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- "It was a boy. It was he who took it. I never saw it again."
- — Mykew Gregorovitch[src]
The theft of the Elder Wand was an event that took place sometime between 1899 and 1926. It a successful theft by Gellert Grindelwald to steal the Elder Wand from the wandmaker Mykew Gregorovitch. Before running away, Grindelwald stunned Gregorovitch, thereby defeating the last owner and winning its alligiance to pass on to him.
Mythic origins of the Elder Wand
According to the "Tale of the Three Brothers" (as compiled in The Tales of Beedle the Bard) three brothers — suspected to be Antioch, Cadmus, and Ignotus Peverell — were out travelling when they came to a treacherous river that had been known to claim the lives of many that had attempted to cross it. Taking no chances, the three brothers pulled out their wands and conjured a bridge out of thin air. However, as they began to cross it, they found a hooded figure blocking their path. It was Death himself, dressed in a simple long black cloak. Death felt cheated that the three brothers had outsmarted him and had not drowned in the river, as many others had.
While pretending to congratulate them for their triumph, Death schemed against them. He offered each brother their choice of gift as a reward for outsmarting him. The eldest went first, and being a belligerent man he asked for a wand that would defeat all others. Death went to a nearby elder tree and created a wand from its wood, which he handed to the eldest brother. The second brother, who wanted to humiliate Death even further, asked for an object that would recall the dead and was given the Resurrection Stone. The youngest was wiser than his brothers and was sceptical of Death's intentions. He asked for an object that would allow him to live his life without the fear of Death following him. Reluctantly, Death handed over his own Cloak of Invisibility. Albus Dumbledore thought it was unlikely that the Elder Wand was actually made by Death, and assumed that it may have been created by the eldest of the three Peverell brothers, Antioch.
Antioch then travelled for about a week, reaching a village where he met with his rival, who he killed in a duel. He then travelled to an inn, where he drunkenly boasted of the wand's powers. That night however, he was murdered in his sleep by another wizard who slayed his throat, thereby allowing him to achieve mastery of the wand. The wand eventually reached the possession of Emeric the Evil, who was defeated in a duel with Egbert the Egregious, thereby causing the wands ownership to pass on to Egbert.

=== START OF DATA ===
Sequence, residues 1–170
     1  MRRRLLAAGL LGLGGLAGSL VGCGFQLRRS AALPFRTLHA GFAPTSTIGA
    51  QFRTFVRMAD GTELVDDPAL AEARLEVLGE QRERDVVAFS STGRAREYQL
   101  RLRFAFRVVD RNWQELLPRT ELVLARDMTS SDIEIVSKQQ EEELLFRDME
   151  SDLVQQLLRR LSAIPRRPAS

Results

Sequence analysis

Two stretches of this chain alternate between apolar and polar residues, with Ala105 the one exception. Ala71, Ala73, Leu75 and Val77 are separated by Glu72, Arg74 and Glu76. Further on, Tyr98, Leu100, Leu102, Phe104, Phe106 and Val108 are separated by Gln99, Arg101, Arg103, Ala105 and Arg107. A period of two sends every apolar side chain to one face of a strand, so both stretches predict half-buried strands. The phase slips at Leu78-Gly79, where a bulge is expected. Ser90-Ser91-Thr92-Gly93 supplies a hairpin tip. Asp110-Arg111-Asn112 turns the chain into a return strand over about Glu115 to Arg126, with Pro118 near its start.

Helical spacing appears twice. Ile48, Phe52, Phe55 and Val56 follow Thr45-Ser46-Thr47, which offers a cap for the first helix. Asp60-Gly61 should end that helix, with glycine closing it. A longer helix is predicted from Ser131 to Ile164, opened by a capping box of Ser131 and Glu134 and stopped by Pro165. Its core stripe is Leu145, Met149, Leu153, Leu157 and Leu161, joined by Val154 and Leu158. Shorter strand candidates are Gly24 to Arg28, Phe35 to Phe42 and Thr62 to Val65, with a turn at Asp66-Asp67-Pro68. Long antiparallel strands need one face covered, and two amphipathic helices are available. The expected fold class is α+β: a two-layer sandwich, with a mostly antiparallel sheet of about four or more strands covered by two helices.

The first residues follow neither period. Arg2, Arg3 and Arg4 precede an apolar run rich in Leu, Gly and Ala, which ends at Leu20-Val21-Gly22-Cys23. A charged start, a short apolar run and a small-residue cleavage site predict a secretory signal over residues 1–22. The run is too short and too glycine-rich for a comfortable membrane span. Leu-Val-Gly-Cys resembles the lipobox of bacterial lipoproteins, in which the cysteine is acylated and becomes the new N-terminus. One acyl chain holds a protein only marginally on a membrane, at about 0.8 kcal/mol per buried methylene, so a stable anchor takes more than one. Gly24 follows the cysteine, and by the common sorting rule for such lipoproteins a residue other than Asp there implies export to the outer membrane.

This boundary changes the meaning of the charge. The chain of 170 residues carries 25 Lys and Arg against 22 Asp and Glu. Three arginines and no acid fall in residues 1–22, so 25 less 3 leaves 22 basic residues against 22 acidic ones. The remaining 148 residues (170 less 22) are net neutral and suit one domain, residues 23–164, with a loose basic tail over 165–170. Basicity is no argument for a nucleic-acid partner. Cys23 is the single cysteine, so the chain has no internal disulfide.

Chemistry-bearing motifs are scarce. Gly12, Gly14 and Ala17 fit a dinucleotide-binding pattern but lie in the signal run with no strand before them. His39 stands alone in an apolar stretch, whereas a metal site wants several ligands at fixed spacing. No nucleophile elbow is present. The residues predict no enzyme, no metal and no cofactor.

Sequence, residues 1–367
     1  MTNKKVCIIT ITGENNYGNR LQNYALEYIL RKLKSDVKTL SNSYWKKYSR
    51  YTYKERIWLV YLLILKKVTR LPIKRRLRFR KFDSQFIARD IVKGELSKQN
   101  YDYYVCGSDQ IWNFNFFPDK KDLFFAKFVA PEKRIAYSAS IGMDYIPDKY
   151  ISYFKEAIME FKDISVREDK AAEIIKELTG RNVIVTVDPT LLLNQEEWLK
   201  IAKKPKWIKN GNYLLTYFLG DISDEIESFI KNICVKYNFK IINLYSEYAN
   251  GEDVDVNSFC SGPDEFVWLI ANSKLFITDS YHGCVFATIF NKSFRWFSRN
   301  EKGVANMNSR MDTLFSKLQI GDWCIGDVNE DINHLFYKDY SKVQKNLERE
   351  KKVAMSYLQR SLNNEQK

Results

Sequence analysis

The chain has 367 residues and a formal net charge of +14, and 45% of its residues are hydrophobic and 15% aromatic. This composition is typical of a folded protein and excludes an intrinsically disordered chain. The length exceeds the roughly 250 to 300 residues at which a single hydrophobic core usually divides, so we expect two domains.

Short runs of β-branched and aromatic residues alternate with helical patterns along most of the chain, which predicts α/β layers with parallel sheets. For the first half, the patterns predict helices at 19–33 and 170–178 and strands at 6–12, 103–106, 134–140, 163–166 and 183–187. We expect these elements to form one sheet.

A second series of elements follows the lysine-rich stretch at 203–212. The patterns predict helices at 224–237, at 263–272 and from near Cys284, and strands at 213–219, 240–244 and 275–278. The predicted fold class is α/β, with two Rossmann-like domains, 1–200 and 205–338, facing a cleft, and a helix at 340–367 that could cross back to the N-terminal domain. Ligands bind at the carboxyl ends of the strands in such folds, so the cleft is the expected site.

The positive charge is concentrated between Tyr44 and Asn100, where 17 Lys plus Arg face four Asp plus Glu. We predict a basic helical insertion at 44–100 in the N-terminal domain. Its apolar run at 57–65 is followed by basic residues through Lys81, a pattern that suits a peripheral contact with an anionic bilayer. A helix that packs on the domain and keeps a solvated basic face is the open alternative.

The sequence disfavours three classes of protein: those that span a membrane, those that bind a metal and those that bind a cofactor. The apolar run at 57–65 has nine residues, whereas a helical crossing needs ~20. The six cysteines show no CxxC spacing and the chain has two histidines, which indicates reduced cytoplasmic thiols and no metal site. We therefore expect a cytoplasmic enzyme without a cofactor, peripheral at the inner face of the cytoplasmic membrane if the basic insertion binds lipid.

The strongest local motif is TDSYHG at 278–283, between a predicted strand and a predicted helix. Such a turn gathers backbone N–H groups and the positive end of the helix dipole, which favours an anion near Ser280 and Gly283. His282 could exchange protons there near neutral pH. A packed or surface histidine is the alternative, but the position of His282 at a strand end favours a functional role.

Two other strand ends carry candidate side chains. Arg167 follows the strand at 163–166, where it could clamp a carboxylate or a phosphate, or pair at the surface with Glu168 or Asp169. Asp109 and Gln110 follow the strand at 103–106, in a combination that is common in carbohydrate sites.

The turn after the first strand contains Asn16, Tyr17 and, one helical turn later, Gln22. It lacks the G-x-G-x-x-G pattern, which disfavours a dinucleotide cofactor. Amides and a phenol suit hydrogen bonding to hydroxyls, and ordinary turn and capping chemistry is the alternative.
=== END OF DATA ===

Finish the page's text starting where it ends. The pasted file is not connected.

It is unknown what happened to Egbert, but his wand eventually came into the possesion of the dark wizard Godelot, who perished in his cellar after his own son Hereward, who stole the wand from him, locked him there, causing the mastery of the Elder Wand to pass on to Hereward. Eventually, the wand came into the possession of Barnabas Deverill, who was defeated by Loxias. It is difficult to trace the wands history after Loxias, but some believe that it was either Arcus or Livius who took the wand from him.
Eventually, the wand passed on to the wandmaker Mykew Gregorovitch, who boasted of it's power and worked to duplicate it. However, sometime between 1899 and 1926, the wand was stolen in the dead of night by a boy named Gellert Grindelwald, who stunned Gregorovitch before running away. This allowed him to take full mastery of the wand, as it's previous master had been defeated by him.
Grindelwald then went on to use this wand and create global chaos across the wizarding and muggle world. In 1945 however, Albus Dumbledore dueled with Grindelwald and was victorious, causing the mastery of the Elder Wand to pass to Dumbledore. The wand stayed in the possession of Dumbledore for the duration of his life, eventually being passed on to Draco Malfoy through a Disarming Charm shortly before the former's death. The wand would eventually come into the mastery of Harry Potter, but was physically owned though by Lord Voldemort. During a duel between the two, Lord Voldemort tried to kill Harry Potter, but the wand sensed its true allegiance to Harry, and rebounded, killing Voldemort instead. Harry then decided to put the wand into the grave of Dumbledore, meaning that after his death, no one could master it for ever.
- Harry Potter and the Deathly Hallows (First mentioned)
- Harry Potter and the Deathly Hallows: Part 1 (Appears in flashback(s))
Notes and references
- In 1899 Grindelwald did not have the Elder Wand yet, and in 1926, he already had white hair (see this image), which he did not have when he stole it. He had white hair a year later also, when he is already in possesion of the wand, meaning he stole it between 1899 and 1926.
- Harry Potter and the Deathly Hallows, Chapter 24 (The Wandmaker)
- The Tale of the Three Brothers
- Harry Potter and the Deathly Hallows, Chapter 21 (The Tale of the Three Brothers)
- Harry Potter and the Deathly Hallows, Chapter 35 (King's Cross)
- The Tales of Beedle the Bard - Albus Dumbledore on "The Tale of the Three Brothers"
- Harry Potter and the Deathly Hallows, Chapter 36 (The Flaw in the Plan)